a. Is the idea that if God made himself known to all, there would be no choice about religious belief and it is important that we choose God in a situation of uncertainty?
b. That faith in this sense is a virtue?
9. Hick’s it could be worse strategy (w/o heaven)
a. In heaven we will (or may) forget our earthly suffering
b. Yes, it is better if we do forget, but that doesn’t explain or justify the suffering.....
10. Hick: “Christian theodicy must point forward to the final blessedness and claim that this infinite future good will render worthwhile all the pain and travail and wickedness that has occurred on the way to it”
11. Hick must show us how all the suffering in this world is the most efficient way to achieve God’s goal
12. Merely assuring us that in the future we will regard our present suffering as unimportant is not to explain why we must suffer as we do
13. Hick is claiming not (only? Or not at all?) that the current suffering will be forgotten or pale in comparison to the future good
14. But that the future good is infinite and that current suffering is necessary to achieve this future infinite good and therefore justifies it
15. It is true he doesn’t explain exactly how it is necessary, though he gives us a general story about soul making (even while not being able to account for the soul-making quality of every evil event)
16. Hick uses the slippery slope fallacy to respond to “excessive” evil or evil that seems to serve no purpose (of soul making)
17. Hick: “Unless God eliminated all evils whatsoever, there would always be outstanding ones which it could be said he should have secretly prevented. If, e.g., divine providence had eliminated Hitler in his infancy, we might now point to Mussolini....There would be nowhere to stop, short of divinely arranged paradise in which human freedom would be narrowly circumscribed.”
18. Hick is claiming that there is no way to remove some evils without removing all of them (back to the all or nothing fallacy)
a. But this seems clearly to be a mistake
19. Falsely assumes that God would not be able to precisely calculate the effect of each removal of evil and stop at the point were soul-making was most efficiently achieved
a. Men would still suffer and complain about excessive evil, but there would be an explanation of the necessity of this amount of suffering as a means to the end of soul-making
20. Hicks’s soul making argument for the need for “unnecessary suffering”
a. Imagine a world that contained no unjust, excessive or apparently unnecessary misery;
i. Where suffering could always be seen to be punishment justly deserved or part of moral training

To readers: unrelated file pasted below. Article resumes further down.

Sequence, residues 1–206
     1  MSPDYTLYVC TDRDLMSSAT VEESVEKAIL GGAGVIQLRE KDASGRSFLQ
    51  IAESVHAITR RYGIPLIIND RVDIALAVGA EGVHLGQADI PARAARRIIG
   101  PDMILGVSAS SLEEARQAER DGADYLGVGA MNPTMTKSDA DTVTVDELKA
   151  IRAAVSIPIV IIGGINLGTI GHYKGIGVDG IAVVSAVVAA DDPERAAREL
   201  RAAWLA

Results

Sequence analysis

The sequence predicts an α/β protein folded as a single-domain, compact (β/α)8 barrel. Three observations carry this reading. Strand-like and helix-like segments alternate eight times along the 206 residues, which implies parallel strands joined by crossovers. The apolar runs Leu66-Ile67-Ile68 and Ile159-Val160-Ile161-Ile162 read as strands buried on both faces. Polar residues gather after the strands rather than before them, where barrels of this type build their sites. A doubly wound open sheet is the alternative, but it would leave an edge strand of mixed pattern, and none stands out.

b. Hick: “In such a world human misery would not evoke deep personal sympathy or call forth organized relief and sacrificial help or service. For it is presupposed in these compassionate reactions both that the suffering is not deserved and that it is bad for the sufferer”
a. One can feel intense compassion for someone even though his suffering is understood to be unavoidable means to a desirable end.
i. Like wife’s labor pains
ii. This point ignores Hick’s sacrificial help or relief point; for one won’t sacrifice oneself to help another whose suffering is deserved or good for him (or unavoidable)
b. Even if some undeserved and unnecessary suffering is necessary for compassion to be possible, only a minute percent of the present unnecessary suffering would do the job.
c. Unjust suffering produces not just increased compassion, but also massive resentment which probably outweighs the benefits of the compassion.
22. Hick’s “good will” argument for injustice
a. For moral action to be possible (e.g., doing the right thing for its own sake and not in order to get a reward or avoid punishment–“the good will”), we need a world were sometimes the just are not rewarded and the evil are not punished
a. Ignores that God could reward/punish people on basis of their motives rather simply if they do the right thing
i. God would not reward people for doing the right thing if their motive was to get the benefits or avoid punishment....
b. Psychologically, Hick is mistaken: A world where people are rewarded for acting morally for its own sake would tend to encourage such moral action, not undermine it.....
c. Even if completely regular rewarding of right behavior would tend to undermine people acting on the “good will” (doing the right thing solely because it is right and not for the benefits)
i. Huge amounts of unjust suffering could be eliminated without this occurring
ii. All or nothing fallacy here again.
24. One main idea of Madden and Hare is that amount of evil in this world is not necessary for soul making